• Maybe people need some strong foundations within the business: succession planning; consistent management; well-balanced remuneration package; clear roles and responsibilities. As silly as this sounds, many companies simply don’t have strong basic foundations.
  • Maybe people need clarity and stability of vision through a painted picture and goals. Maybe they need leaders to stop creating new initiatives every year, or provide some stability in direction.
  • Maybe you need to create some communities of practice or a better HR support model to aid in building support networks. Or to train your managers on how to look after people properly.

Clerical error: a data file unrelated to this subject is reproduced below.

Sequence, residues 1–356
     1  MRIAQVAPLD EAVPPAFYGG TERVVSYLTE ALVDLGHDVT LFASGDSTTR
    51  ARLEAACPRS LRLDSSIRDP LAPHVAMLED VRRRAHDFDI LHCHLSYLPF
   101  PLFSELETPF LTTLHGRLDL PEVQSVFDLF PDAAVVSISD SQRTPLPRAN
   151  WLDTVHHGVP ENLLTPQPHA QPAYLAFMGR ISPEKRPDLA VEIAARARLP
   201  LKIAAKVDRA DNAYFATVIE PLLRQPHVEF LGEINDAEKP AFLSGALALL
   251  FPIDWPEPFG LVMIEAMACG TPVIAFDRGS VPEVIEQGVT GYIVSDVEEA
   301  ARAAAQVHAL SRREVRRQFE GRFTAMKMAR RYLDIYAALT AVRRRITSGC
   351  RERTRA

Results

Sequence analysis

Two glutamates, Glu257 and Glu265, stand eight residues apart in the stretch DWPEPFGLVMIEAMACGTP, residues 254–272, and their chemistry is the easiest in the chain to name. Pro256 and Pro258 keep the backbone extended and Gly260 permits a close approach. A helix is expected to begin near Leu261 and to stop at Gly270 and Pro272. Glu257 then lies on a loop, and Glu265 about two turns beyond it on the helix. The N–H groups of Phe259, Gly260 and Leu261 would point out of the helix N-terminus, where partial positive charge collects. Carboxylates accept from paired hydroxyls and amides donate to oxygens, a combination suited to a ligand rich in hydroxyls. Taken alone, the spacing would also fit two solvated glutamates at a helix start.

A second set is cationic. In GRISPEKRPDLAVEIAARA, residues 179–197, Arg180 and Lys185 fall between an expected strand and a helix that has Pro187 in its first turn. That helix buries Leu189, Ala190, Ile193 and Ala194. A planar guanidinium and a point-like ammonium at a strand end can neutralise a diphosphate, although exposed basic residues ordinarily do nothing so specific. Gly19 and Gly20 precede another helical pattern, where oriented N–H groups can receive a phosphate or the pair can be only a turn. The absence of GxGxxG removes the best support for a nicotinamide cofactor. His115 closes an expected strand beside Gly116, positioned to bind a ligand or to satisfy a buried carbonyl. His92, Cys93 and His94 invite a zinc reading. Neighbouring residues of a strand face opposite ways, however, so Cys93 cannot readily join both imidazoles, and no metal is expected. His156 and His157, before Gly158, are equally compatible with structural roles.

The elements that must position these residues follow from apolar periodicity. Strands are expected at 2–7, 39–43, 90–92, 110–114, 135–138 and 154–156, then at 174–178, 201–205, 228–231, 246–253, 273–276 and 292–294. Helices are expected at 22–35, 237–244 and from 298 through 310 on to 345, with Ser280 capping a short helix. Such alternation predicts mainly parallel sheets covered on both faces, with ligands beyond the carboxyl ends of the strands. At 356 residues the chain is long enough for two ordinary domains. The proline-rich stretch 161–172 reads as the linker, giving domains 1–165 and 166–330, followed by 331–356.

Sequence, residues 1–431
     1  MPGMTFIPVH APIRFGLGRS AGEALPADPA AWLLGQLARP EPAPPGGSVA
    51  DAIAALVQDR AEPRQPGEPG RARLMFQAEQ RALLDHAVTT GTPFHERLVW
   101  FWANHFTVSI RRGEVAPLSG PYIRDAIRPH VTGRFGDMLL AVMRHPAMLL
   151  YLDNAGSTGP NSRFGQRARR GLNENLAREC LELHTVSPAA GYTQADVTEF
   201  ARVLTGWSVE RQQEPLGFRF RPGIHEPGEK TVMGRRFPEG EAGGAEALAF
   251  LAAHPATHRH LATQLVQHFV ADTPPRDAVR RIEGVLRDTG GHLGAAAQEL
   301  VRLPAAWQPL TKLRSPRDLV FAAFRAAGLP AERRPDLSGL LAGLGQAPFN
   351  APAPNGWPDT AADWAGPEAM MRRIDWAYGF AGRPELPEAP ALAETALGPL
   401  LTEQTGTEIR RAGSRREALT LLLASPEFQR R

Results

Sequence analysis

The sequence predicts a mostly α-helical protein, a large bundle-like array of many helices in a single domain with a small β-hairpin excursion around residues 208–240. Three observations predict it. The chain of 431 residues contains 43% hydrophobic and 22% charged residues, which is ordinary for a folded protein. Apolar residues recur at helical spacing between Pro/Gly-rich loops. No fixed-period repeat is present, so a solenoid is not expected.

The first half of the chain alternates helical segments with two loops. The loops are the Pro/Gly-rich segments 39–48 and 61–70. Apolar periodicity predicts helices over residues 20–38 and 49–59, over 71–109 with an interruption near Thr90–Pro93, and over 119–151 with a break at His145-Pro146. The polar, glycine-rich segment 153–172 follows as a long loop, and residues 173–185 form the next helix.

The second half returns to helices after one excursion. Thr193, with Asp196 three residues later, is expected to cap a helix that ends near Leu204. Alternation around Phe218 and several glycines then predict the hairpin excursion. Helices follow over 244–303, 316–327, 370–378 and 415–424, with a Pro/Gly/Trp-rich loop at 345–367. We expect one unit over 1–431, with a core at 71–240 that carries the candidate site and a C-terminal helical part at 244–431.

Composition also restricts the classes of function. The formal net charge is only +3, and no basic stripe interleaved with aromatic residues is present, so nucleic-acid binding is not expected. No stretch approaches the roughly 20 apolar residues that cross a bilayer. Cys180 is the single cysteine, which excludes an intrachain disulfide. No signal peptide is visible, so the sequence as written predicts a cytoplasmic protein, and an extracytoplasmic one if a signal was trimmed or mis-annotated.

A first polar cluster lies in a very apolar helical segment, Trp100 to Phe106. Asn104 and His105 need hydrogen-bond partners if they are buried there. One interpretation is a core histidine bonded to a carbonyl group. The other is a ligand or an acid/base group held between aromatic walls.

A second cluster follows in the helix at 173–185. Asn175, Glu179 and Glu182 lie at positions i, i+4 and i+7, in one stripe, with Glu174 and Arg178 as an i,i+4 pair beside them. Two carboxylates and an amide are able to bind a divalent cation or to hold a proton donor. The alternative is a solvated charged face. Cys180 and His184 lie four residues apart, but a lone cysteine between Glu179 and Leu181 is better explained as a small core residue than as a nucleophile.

• Or maybe some social clubs and activities to grow a sense of community.
  • Maybe you need more recognition for good work done, or to shine a light on great improvements through a company newsletter or show ‘n’ tell.
  • Maybe you need more flexibility or better workspaces, or more regular opportunities for people to network.
  • Maybe you need to drop some standards or policies that don’t help – after all, our workplaces SHOULD be diverse and varied. Maybe the diversity of skills is not being catered for well.

You get the idea.

I run these sorts of activities often, and it’s a staple module in my Zero To Keynote workshop.

When people tell me they have nothing to present at a conference, I ask them to write down their main skill on an index card. I then ask them to pick a picture card from my tin of 200+ image cards and start thinking about what they see in the image. What could they combine? What traits may help? How could they explain their skills using the image? If they still don’t get their lateral thinking head on, I provide another image.